The insurer issued two policies to an insured, one covering a tractor and the other a trailer, both owned by the insured. The insured was involved in an accident where the tractor/trailer rig caused two vehicles to run off the road, collide and catch fire. The insurer sought a declaration that stacking of the policy limits was improper as the policies were separate, each containing its own “other insurance” provisions providing: “If this coverage form and any other coverage form or policy issued to you by us … apply to the same ‘accident’, the aggregate maximum Limit of Insurance under all the coverage forms or policies shall not exceed the highest applicable Limit of Insurance under any one coverage form or policy.” The court found, under Oklahoma law, that “other insurance” provisions are enforceable against third parties seeking liability coverage. It further held that the payment of separate premiums was not relevant to enforcement of “other insurance” provisions against third parties and that stacking of the policies at issue might occur if there were a fact issue as to what damage was caused by the tractor versus the trailer, but that since it was clear that that was not the case, stacking was not permissible.
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Florida Appellate Court Finds Insured Not Entitled to Prejudgment Interest when Jury Determines the Amount of Loss on the Date the Verdict is Returned
A Florida appellate court recently held that an insured is not entitled to prejudgment interest when the amount of loss is determined at trial. Citizens Prop. Ins. Corp v. Alvarez, 2015 WL 6575711 (Fla. 2d DCA Oct. 30, 2015).
The insurer issued an all-risk homeowners’ policy to the insureds under which the insureds made a claim. The insurer denied the claim. The insureds filed a breach of contract suit, and the jury returned a verdict in favor of the insureds finding that the insurer did not meet its burden of proving that an excluded peril caused the damage. The trial court entered judgment in favor of the insureds, but denied the insureds’ request for prejudgment interest. The insureds appealed the prejudgment interest ruling.
On appeal, the insureds argued that they were entitled to prejudgment interest from a point prior to the verdict. The appellate court disagreed, noting that the claim for prejudgment interest was first raised with the trial court after the jury had returned its verdict. The appellate court concluded that because the jury instructions and the verdict form asked the jury to determine the amount of loss by establishing the cost to repair the damage, there was no evidence to support the position that the jury was determining the amount of the loss for a date other than the date of the verdict. Thus, the appellate court held that the jury resolved the dispute as to the cost of the repair and liquidated the claim as of the date of the verdict.
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Federal Court in Louisiana Finds Louisiana Law Applies to Texas Insured’s Claims Against Insurer Relating to Louisiana incident
A federal court in Louisiana has found that Louisiana law applies to a Texas company’s claims against its excess insurer relating to actions filed against the company for damages resulting from an incident on property in Louisiana. LeBlanc v. Texas Brine Co., LLC, 2015 WL 7451196 (E.D. La. Nov. 23, 2015).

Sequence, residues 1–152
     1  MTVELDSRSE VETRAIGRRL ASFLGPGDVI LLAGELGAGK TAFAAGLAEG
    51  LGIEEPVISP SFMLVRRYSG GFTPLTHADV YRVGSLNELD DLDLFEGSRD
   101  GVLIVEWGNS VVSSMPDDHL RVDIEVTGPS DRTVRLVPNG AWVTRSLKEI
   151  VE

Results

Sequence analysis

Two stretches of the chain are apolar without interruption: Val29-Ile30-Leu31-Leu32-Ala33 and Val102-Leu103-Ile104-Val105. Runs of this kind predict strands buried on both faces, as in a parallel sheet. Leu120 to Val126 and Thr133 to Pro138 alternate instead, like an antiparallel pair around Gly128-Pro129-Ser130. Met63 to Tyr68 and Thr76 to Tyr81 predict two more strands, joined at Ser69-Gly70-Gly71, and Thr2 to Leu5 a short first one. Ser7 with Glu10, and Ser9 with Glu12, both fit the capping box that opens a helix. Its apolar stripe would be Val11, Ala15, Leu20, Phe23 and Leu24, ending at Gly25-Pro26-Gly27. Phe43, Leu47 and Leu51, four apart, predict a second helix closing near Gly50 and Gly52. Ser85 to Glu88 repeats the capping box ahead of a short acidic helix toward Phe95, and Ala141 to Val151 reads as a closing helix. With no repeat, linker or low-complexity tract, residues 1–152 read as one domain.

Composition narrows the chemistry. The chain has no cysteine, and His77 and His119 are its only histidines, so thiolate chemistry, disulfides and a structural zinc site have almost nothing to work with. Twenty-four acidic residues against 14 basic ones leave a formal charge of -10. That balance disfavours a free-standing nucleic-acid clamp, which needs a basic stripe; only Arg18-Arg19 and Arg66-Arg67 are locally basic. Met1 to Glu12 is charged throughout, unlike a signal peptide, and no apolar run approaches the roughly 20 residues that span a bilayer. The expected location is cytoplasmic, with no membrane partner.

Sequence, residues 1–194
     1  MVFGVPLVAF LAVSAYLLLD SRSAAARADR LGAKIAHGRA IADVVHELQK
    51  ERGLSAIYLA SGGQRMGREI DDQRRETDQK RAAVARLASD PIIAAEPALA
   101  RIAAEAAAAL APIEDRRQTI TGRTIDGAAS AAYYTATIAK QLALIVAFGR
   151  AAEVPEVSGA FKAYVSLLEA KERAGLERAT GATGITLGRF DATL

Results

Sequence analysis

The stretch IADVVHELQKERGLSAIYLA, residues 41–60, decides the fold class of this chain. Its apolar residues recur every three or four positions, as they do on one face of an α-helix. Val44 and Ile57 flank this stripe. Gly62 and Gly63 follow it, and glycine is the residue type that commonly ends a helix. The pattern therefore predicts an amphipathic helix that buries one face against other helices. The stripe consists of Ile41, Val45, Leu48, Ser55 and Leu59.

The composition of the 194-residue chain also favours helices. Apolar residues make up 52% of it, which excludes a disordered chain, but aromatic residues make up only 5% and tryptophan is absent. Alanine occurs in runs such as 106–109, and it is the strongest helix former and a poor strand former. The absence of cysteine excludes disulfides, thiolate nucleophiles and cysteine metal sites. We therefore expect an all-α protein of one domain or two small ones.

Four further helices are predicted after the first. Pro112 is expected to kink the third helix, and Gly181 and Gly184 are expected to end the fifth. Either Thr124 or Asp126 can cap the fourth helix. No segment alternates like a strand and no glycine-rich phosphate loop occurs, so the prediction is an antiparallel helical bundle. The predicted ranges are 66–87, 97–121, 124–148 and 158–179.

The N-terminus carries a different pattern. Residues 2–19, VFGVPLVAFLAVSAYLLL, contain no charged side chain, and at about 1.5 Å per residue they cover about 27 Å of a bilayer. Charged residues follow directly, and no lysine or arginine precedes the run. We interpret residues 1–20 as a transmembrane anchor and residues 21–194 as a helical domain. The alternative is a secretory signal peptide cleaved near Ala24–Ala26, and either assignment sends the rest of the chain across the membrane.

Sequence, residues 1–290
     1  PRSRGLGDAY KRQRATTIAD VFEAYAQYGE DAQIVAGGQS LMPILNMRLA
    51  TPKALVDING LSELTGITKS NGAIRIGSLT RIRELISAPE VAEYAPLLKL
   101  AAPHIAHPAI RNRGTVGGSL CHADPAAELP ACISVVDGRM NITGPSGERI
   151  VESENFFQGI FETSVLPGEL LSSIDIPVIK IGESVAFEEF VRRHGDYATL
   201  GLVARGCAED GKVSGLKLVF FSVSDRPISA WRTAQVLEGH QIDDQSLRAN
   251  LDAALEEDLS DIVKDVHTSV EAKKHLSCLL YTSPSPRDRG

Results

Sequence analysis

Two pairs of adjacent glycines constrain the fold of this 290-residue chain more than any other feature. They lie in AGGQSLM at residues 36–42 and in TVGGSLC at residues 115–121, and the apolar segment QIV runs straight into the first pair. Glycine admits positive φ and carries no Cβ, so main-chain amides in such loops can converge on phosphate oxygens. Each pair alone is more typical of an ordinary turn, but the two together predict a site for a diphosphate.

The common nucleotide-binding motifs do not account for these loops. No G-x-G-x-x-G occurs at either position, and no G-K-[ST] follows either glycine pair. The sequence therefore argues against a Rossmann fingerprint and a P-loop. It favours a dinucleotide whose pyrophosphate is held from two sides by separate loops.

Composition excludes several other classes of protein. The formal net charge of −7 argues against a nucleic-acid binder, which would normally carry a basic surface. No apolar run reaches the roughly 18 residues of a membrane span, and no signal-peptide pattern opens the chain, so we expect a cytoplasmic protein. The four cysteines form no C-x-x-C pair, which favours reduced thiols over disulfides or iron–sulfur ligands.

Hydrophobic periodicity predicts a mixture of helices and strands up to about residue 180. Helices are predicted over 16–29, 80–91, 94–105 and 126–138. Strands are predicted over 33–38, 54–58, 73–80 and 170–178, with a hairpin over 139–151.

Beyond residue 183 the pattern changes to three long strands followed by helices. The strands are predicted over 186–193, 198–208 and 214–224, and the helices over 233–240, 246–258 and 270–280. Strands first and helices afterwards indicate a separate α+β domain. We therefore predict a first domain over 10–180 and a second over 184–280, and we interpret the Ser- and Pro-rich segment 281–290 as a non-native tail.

Actions were filed against a Texas company for damages resulting from a sinkhole that developed on property in Louisiana. It sued its liability insurers seeking defense and indemnity and moved for summary judgment, urging the application of Louisiana law universally to all of its insurers. Its excess insurer cross-moved for summary judgment, seeking a ruling that Texas law applied to the company’s claims against it.
The court denied the insured’s motion for a choice of law ruling against all of its insurers but found that as to the excess insurer, whose policy contained no choice of law provision, Louisiana has the most significant relationship with the litigation and the most interest in having its law applied to the coverage dispute. Accordingly, it held that Louisiana law governs any dispute under the excess policy.
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Federal Court in Alabama Allowed Members of LLC to Intervene In Declaratory Judgment Action Against LLC
A federal court in Alabama has allowed members of a limited liability company to intervene in a declaratory judgment action filed against the limited liability company by its CGL insurer. Essex Ins. Co. v. J & J Cable Constr., LLC, 2015 WL 6872505 (M.D. Ala. Nov. 9, 2015).
A limited liability company was sued in state court by tenants of a residence served by a sewer line that became damaged while the limited liability company installed an electrical conduct. The limited liability company’s CGL insurer brought a declaratory judgment action to determine its rights and obligations relating to the underlying state court case.
The members of the limited liability company moved to intervene, alleging that as members of the limited liability company, they are insureds under a policy provision which states “[y]our members are also insureds, but only with respect to the conduct of your business.” The CGL insurer argued the movants had no interest in the declaratory judgment action because no claims were asserted against them in the underlying state court case. The court noted the movants seek to bring a claim for breach of the insurance contract as insureds and as third-party beneficiaries. The court found that the movants are named insureds under the policy and that the standard to intervene was met.